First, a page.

It is a candidate market in the supply chain!

When the COVID-19 pandemic began, attitudes slowed to a crawl. Businesses have been forced to spontaneously adapt to a radically different work environment – ​​migrating to remote work, managing a multitude of supply chain disruptions, working to secure PPE for frontline workers, among many other immense challenges. The setting took a backseat, understandably in this candidate’s market.

When you’re fighting a lot of fires every day, it’s difficult to prioritize hiring – especially when the business climate and consumer demand have suddenly been so unpredictable. Instead of hiring new supply chain employees to handle these immense tasks, many companies stopped all hiring and some hired employees from other functions to handle the immense workload.

It was an all hands on deck situation. But over the course of the long, difficult, and strange 2020, companies changed their hiring models too — embracing interviewing and remote hiring, and learning to onboard new people they hadn’t yet met in person. It turned out that the demand for supply chain experts had not diminished – in fact, the need was greater than ever.

This could be a familiar story. But today we want to give an update on what it looks like from our perspective as recruiters specializing in supply chain management. Every day, we speak to hiring managers and HR representatives from across the supply chain industry—as well as the top candidates looking for jobs. It gives us a pretty good overview of what the supply chain talent market is like.

And right now, you’d be forgiven for thinking that hiring work is slow amid the massive economic disruption caused by the pandemic. That candidates are struggling to find jobs or opportunities at a time when so many people are struggling.

But make no mistake: the supply chain industry is still a candidate market.

What exactly do we mean by that? In an employer market, the number of candidates far exceeds the number of vacancies. Top candidates are in greater demand on the candidate market. They’re often taking multiple job offers, or even offers at once—which doesn’t seem like a big deal until you spend weeks and considerable resources guiding a candidate through your hiring process, only to lose to a competing offer at the last minute.

From experience we have worked with several candidates over the last 6 weeks who have declined a position because they received a competing offer. As a recruiter, it’s always frustrating to see a last-minute hire fall through, but who can blame them?

We had a talent shortage in the supply chain before the pandemic, and we’re still experiencing it. And companies that don’t recognize a candidate’s market are adding risk to their hiring process.

How do you adapt?

We tend to give our customers some important advice. Some of this is useful in any Market, but especially when the top candidates are submitting multiple bids: move fast. Avoid lengthy approval processes, additional interview processes, the hiring manager’s vacation or other internal factors slowing down your recruitment.

The candidate market is not for the faint of heart. Unless you’re ready to pull the trigger on the right candidate, it makes the most sense not to rush into a search. If you put a few weeks off searching, there is no guarantee a candidate will still be on the market when you re-engage.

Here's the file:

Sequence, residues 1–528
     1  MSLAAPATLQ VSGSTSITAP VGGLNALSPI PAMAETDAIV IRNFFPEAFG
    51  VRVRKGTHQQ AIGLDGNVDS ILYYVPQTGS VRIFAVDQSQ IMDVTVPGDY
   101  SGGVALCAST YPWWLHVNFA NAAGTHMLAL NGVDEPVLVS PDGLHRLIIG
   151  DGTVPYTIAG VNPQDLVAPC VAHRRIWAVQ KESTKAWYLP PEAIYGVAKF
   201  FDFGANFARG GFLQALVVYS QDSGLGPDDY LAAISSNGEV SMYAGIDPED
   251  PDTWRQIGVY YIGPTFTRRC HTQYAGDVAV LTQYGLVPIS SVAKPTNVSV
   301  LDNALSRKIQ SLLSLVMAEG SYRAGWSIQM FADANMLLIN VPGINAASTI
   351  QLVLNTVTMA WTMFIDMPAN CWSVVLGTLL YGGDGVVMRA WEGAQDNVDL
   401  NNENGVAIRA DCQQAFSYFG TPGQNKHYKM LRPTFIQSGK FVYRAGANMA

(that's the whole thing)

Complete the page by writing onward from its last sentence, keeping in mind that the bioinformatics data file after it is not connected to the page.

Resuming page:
Supply chain hiring is robust across the industry and candidates of all stripes are in high demand. But for our money, these are some of the particularly hot areas:

  • demand planning. At the beginning of the pandemic, we wrote about how demand forecasting is still the biggest question mark in the supply chain, especially for companies in industries like retail, consumer goods, pharmaceuticals or food production. Consumer behavior is evolving rapidly, and organizations are investing significant resources to improve their demand planning, forecasting, and sales and operations planning capabilities.
  • process improvement. Many manufacturing companies in this market want to invest in capital equipment and process improvements to control costs and improve efficiency. Skilled professionals with Six Sigma, industrial engineering, business process improvement and related disciplines are in high demand – especially in food production and related industries.
  • inventory management. Organizations are looking for candidates who can develop and execute changing inventory strategies, as well as front line workers to keep inventory at the right levels – especially now that many organizations are transitioning from just-in-time to a more resilient inventory approach.

If you hire for these functions especiallyyou need to be aware that this is a recruitment market and adjust your recruitment accordingly.

As always, we have to make the caveat that just because it’s a candidate market doesn’t mean that Everyone Candidates find it easy to get a job. Different geographic areas, disciplines and individual skills have different levels of demand – and there are other reasons why candidates might struggle to find a job (and if you’re one of those candidates, reach out to us!).

But by and large, companies can’t afford to treat their hiring process as if it were still mid-2020.

Candidate market article and permission for publication here provided by Sam White at Argentus. Originally published on Supply Chain Game Changer on September 2nd, 2021.

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